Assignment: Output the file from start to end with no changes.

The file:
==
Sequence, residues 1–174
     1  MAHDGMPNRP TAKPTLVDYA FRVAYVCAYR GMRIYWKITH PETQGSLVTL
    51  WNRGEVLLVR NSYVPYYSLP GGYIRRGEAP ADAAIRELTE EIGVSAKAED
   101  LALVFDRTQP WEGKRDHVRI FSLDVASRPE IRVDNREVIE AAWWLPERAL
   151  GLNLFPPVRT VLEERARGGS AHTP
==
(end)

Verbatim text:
Sequence, residues 1–174
     1  MAHDGMPNRP TAKPTLVDYA FRVAYVCAYR GMRIYWKITH PETQGSLVTL
    51  WNRGEVLLVR NSYVPYYSLP GGYIRRGEAP ADAAIRELTE EIGVSAKAED
   101  LALVFDRTQP WEGKRDHVRI FSLDVASRPE IRVDNREVIE AAWWLPERAL
   151  GLNLFPPVRT VLEERARGGS AHTP